[00:03:58.653] Marcel van Brakel: Well, so Symbiosis, like you explained, is this multi-user VR experience where the user can pick a character and with the character comes a soft robotic suit that kind of changes your body architecture into a non-human species or a post-human species. And with the project, we want to kind of research what happens if we go away from the human-centric position where we control everything and have all the power and go to a more symbiotic relationship with other kinds of nature, maybe also future nature. that might include nanorobotics or AIs or other kind of things with agency. And to really have a thought experiment about how that changes maybe your emotional state, your kinships, your relationships with people, political structure. So for that we built like six different stories with six different hybrids consisting out of human DNA combined with endangered species that we want to save or get a kinship with. And as an audience you can choose one of these to experience these speculations.

[00:05:02.672] Brakel Mark Meeuwenoord: The project is inspired by a work of Donna Haraway in her latest book, Staying with the Trouble, Making Kin in the Tertulli Scene. And it's one of the suggestions of fabulations, as she calls it, is to combine ourselves or our DNA with endangered species to be responsible. The offspring, we have this kind of sense of responsibility taking care of, becoming with these other forms of kin, of other species. Oddkins, he calls it, I think. And then having this more symbiotic relation, as Marcel said, with your surroundings, with your ecologies, with other beings, with other critters. So that's the more, I think, the more ideological, intellectual part of the experience. And then next to that is also just being there and experiencing a very physical VR piece, because VR is a lot about losing your body or getting rid of the body and then making a new one in virtual reality. But we like to introduce or what we try to do is reintroduce the physicality of our own body or maybe a body of another thing into the VR piece again. And that's why we use sand and taste and these robotic elements that you wear.

[00:06:18.653] Kent Bye: Yeah, I'd love to have you expand a little bit on some of the technology because this goes above and beyond, say, just a normal virtual reality experience where you put on a headset and you're already taking care of both the visuals as well as the spatialized sound. But here you have these whole haptic suits that people are choosing what character they get in. And then I did three of the six different characters. And so I had some experience of some of the different haptic variations in each of the different characters. And then you have the smells as well. And I don't know if each of the different characters are smelling different things as well. You have this tube that's at the bottom of the VR HMD that is dispersing smells at different points of the narrative. So maybe you could talk about that process of developing both this haptic experience as well as the smell experience within Symbiosis.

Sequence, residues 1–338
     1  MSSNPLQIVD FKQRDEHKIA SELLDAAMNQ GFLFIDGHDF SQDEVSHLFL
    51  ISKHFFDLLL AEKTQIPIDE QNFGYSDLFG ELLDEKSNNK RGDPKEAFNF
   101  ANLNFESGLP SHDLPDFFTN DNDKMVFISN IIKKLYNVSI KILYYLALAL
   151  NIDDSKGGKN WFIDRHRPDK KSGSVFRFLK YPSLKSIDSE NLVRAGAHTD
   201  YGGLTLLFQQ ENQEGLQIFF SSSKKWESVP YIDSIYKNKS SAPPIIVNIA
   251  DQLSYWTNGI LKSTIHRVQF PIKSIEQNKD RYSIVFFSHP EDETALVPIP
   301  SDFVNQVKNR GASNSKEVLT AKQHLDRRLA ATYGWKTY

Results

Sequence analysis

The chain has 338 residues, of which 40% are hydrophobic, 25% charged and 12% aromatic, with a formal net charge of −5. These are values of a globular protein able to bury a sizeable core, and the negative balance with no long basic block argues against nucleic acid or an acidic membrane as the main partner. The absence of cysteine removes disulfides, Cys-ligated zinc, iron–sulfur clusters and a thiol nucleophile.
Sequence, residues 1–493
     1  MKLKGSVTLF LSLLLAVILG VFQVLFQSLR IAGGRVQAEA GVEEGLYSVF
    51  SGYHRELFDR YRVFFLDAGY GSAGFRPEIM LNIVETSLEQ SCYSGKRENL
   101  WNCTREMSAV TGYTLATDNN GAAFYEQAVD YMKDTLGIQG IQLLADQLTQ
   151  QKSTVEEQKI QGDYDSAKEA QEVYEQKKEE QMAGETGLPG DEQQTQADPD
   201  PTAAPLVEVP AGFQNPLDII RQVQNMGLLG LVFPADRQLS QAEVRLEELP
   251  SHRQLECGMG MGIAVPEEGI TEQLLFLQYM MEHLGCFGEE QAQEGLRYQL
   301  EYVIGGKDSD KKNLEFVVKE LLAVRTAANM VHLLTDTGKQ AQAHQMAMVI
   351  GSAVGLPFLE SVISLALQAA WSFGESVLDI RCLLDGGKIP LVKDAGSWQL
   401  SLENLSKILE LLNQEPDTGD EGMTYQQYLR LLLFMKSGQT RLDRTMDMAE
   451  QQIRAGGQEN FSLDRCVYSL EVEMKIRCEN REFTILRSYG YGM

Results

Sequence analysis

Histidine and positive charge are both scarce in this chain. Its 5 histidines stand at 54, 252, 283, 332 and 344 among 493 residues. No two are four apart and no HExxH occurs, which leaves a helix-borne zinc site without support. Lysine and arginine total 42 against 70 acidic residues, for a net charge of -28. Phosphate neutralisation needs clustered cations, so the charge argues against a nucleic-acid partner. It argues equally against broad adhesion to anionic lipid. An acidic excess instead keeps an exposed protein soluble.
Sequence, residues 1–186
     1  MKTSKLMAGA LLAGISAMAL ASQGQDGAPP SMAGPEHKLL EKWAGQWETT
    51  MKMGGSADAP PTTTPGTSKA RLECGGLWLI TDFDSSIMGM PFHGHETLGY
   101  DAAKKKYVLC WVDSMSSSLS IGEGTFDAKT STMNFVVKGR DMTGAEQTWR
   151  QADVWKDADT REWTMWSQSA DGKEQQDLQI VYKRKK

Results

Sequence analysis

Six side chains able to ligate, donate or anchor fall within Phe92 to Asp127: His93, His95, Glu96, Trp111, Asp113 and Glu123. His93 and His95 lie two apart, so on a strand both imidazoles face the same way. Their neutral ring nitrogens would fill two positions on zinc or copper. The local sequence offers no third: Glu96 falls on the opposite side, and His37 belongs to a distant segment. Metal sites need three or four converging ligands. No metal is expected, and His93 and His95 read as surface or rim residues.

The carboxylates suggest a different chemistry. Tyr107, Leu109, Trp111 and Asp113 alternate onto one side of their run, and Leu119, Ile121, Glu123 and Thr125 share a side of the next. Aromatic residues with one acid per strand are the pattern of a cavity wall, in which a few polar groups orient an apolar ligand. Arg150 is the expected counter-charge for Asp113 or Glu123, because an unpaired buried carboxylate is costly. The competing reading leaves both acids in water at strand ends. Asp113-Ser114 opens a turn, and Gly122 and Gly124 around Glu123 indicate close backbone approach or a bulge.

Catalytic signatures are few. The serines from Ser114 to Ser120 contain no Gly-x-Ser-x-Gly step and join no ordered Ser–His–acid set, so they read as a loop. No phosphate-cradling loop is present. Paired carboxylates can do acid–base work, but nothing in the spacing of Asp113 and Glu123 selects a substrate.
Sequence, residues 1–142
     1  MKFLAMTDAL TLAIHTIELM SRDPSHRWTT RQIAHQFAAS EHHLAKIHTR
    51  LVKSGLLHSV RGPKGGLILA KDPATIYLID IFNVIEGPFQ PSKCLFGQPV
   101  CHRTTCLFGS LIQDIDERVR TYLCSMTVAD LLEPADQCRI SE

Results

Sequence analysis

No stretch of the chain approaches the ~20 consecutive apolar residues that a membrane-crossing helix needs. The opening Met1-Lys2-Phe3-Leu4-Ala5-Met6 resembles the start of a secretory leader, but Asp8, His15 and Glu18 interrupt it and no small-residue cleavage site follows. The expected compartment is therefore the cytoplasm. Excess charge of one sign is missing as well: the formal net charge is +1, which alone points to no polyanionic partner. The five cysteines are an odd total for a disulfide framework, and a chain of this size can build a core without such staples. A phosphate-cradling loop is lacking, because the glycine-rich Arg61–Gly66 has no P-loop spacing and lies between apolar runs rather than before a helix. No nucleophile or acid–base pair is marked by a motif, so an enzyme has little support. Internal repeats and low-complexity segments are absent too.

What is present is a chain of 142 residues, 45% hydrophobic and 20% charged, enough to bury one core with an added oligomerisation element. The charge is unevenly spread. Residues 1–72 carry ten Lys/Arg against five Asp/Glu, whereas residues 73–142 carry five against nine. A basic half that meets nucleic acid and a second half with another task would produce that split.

[00:07:00.428] Brakel Mark Meeuwenoord: The first thing I think what's interesting to say actually is what we discovered. So VR is built for a certain kind of body, like a human standing straight with his arms like kind of spread to the sides. I think it's called. And what we tried is explore different kinds of shapes of different kinds of bodily architectures. So we would maybe lie on the floor or we would tie each other up. We have one of the characters actually a suit that people are connected to each other. And these haptics, yeah, they control that in a sort of sense. But that didn't work technically, because when you lay down, the trackers won't see you in the VR. And when you make different body postures, the technology doesn't really, it's not really suited to do that. So we had to figure out how to take care of that. But also I think the whole thing, maybe you saw of course, is it's not only the VR, you know, it's the suits, it's the scent, it's the smell, but it's also this environment, this ecology, and there's all sorts of pneumatic cylinders actually connected to the suits via air, and they control pockets in the suits. And you're connected to these technologies via air, with air, with this soft thing that we breathe also, you know, that's also a very interesting aspect I think in the piece. So you're connected in this whole, literally this symbiotic relation in the piece itself, connected to the technology.